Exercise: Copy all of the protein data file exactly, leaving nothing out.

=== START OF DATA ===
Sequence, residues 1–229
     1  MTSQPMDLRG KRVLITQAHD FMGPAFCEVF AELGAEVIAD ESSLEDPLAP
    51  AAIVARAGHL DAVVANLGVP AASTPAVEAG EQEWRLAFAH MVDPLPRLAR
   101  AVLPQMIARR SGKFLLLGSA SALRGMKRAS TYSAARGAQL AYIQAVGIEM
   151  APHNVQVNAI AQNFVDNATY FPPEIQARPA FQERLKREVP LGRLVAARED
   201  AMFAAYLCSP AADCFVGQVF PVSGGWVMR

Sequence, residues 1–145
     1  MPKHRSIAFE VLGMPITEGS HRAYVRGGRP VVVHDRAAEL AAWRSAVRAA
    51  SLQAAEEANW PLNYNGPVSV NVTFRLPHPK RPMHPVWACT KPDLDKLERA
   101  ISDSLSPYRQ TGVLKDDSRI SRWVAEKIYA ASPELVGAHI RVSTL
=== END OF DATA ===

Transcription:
Sequence, residues 1–229
     1  MTSQPMDLRG KRVLITQAHD FMGPAFCEVF AELGAEVIAD ESSLEDPLAP
    51  AAIVARAGHL DAVVANLGVP AASTPAVEAG EQEWRLAFAH MVDPLPRLAR
   101  AVLPQMIARR SGKFLLLGSA SALRGMKRAS TYSAARGAQL AYIQAVGIEM
   151  APHNVQVNAI AQNFVDNATY FPPEIQARPA FQERLKREVP LGRLVAARED
   201  AMFAAYLCSP AADCFVGQVF PVSGGWVMR

Sequence, residues 1–145
     1  MPKHRSIAFE VLGMPITEGS HRAYVRGGRP VVVHDRAAEL AAWRSAVRAA
    51  SLQAAEEANW PLNYNGPVSV NVTFRLPHPK RPMHPVWACT KPDLDKLERA
   101  ISDSLSPYRQ TGVLKDDSRI SRWVAEKIYA ASPELVGAHI RVSTL